Identifying Potential Populations for Home Hospitalisation: A scoping review of the literature to support the review of the South Australian My Home Hospital service

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Abstract


Home hospitalisation services provide acute and sub-acute care for a patient in their own residence for conditions that would normally require admission to a traditional hospital. Such services can substitute traditional inpatient admission, utilising specialised technologies, skills, and supports.

My Home Hospital (MyHH) is an SA Health service delivered by a contracted service provider. The existing target populations of the MyHH service consist of twelve (12) different three-character Adjacent Diagnosis Related Groups (ADRGs), each of which can comprise up to four different four-character DRGs that represent different levels of patient complexity within that set.

To support the review and continual improvement of the MyHH in South Australia, the Flinders Health and Medical Research Institute (FHMRI) were commissioned by Wellbeing SA to conduct a scoping review of the recent literature since 2017, to identify novel populations for whom HITH services have been provided elsewhere, and who may represent people within South Australia who may also benefit from MyHH access into the future.

Observational studies and trialled models from the international and Australian literature are presented in this report, to firstly chart out the different targeted populations, before then summarising the evidence and providing insights for future extensions of the service, and diversification of home hospitalisation in South Australia.

Drawing upon the activity observed within Australia – three ADRGs are proposed as ‘High Proportion Services’ which are not currently within the scope of the MyHH, including septic arthritis; digestive malignancy; and infective endocarditis. Potential additionally relevant ‘High Volume Services’ were seen in digestive malignancy; miscellaneous musculoskeletal procedures for infection or inflammation of bone and joint; sleep apnoea; and septicaemia. ‘Other Targets’ from the Australian activity worth noting were also those for other digestive system disorders and septicaemia.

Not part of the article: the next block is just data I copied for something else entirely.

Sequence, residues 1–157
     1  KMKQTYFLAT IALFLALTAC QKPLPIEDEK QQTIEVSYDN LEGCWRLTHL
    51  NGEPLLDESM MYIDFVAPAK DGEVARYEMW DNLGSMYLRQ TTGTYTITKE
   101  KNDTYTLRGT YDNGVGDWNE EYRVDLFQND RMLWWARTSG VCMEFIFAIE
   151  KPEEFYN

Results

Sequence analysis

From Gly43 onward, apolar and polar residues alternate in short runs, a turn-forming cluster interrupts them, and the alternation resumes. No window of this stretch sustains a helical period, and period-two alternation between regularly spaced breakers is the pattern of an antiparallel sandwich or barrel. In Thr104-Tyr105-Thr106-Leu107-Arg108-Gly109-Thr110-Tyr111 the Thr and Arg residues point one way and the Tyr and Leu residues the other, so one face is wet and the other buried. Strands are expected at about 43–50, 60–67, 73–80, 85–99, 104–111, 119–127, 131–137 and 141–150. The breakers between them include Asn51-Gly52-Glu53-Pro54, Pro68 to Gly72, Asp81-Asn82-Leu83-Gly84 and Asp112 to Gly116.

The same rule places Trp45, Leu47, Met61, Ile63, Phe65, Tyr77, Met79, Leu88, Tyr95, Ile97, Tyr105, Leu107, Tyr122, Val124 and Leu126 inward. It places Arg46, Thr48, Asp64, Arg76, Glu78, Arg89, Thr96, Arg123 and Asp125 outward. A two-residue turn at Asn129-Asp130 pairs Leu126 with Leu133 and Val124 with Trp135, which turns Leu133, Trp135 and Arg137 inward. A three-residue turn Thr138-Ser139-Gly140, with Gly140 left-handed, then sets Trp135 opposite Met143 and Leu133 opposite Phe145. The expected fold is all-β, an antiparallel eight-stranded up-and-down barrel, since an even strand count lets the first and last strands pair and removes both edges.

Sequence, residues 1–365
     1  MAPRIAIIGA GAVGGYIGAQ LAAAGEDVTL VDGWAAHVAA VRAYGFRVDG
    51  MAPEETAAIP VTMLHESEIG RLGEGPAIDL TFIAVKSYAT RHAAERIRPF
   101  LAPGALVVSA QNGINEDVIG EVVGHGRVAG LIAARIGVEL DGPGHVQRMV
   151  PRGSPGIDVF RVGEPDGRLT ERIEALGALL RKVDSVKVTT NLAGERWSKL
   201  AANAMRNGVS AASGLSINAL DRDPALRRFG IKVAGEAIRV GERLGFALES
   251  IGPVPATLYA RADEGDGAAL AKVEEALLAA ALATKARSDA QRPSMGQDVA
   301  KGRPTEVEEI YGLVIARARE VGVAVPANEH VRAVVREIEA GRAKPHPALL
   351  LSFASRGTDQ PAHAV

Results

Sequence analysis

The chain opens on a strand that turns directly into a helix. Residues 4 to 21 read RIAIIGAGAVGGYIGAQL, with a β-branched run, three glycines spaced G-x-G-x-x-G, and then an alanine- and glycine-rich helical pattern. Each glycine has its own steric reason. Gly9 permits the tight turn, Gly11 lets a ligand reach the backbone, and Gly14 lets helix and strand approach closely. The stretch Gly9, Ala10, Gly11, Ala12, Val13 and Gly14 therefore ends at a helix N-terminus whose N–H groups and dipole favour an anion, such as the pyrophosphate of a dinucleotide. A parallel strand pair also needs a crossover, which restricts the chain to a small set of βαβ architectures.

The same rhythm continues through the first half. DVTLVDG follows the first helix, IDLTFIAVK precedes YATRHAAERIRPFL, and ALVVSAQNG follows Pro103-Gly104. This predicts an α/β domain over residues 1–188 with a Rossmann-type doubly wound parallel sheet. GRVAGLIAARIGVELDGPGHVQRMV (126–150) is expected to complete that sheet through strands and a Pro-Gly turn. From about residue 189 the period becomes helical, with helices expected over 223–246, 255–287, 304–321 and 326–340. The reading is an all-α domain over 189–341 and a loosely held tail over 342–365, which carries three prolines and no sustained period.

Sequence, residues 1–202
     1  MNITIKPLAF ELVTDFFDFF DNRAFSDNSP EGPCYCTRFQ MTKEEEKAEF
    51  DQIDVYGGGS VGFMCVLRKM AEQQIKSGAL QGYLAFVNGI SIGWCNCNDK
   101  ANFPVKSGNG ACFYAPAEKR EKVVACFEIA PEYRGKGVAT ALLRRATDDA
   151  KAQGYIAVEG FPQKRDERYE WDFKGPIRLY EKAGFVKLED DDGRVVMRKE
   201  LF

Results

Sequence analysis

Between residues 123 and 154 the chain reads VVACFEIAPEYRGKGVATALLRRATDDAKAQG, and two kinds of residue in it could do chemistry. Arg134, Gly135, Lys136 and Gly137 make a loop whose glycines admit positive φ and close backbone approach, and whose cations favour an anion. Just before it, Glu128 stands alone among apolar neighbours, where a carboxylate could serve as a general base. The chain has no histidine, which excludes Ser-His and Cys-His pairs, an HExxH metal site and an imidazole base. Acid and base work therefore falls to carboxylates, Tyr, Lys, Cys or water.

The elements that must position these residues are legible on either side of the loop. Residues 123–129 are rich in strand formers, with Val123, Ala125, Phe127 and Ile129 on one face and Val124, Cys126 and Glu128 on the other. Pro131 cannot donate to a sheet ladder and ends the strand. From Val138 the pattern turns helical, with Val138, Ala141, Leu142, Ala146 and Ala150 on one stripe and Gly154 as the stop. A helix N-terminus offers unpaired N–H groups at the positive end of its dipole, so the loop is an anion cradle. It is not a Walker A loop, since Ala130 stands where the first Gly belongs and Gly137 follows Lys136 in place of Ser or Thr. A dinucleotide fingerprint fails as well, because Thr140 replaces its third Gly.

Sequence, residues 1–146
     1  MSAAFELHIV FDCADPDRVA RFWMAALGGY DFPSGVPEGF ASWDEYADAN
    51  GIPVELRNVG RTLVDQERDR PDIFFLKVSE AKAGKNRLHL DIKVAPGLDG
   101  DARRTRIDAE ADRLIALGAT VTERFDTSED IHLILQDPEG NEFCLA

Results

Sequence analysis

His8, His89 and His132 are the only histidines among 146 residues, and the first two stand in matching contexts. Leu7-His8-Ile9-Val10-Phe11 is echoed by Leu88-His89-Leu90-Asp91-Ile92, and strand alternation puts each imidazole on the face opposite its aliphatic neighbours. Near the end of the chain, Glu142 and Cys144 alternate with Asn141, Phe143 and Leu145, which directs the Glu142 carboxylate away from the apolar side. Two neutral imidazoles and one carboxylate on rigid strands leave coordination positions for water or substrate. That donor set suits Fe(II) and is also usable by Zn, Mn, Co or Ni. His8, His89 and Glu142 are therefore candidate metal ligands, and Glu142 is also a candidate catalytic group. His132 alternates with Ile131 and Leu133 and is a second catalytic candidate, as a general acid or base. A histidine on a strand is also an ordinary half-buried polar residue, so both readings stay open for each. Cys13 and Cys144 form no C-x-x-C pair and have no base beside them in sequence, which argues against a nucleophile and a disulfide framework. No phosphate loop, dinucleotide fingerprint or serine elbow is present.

The trialled models that emerged, having also not been observed within the present national activity data, included those for dehydration and electrolyte imbalances; falls, frailty, and functional decline; delirium; and asthma exacerbation.

While beyond the current targets of the configuration of the MyHH service in SA, the review also highlighted future diversification considerations in post-surgery early supported discharge; children’s services; palliative care; mental health; and rural and remote services.

The insights provided here are based on observed HITH activity across Australia and the development of novel service delivery models, published within the international literature. To prioritise between these options, further local evidence can be used to profile the expected costs and effects of different options, relative to each other.
Original languageEnglish
Place of PublicationAdelaide, SA
PublisherFlinders University
Commissioning bodyWellbeing SA
Number of pages37
ISBN (Electronic)9781925562804
ISBN (Print)9781925562811
Publication statusPublished - 2022

Keywords

  • home hospitalisation
  • scoping review
  • South Australian My Home Hospital service

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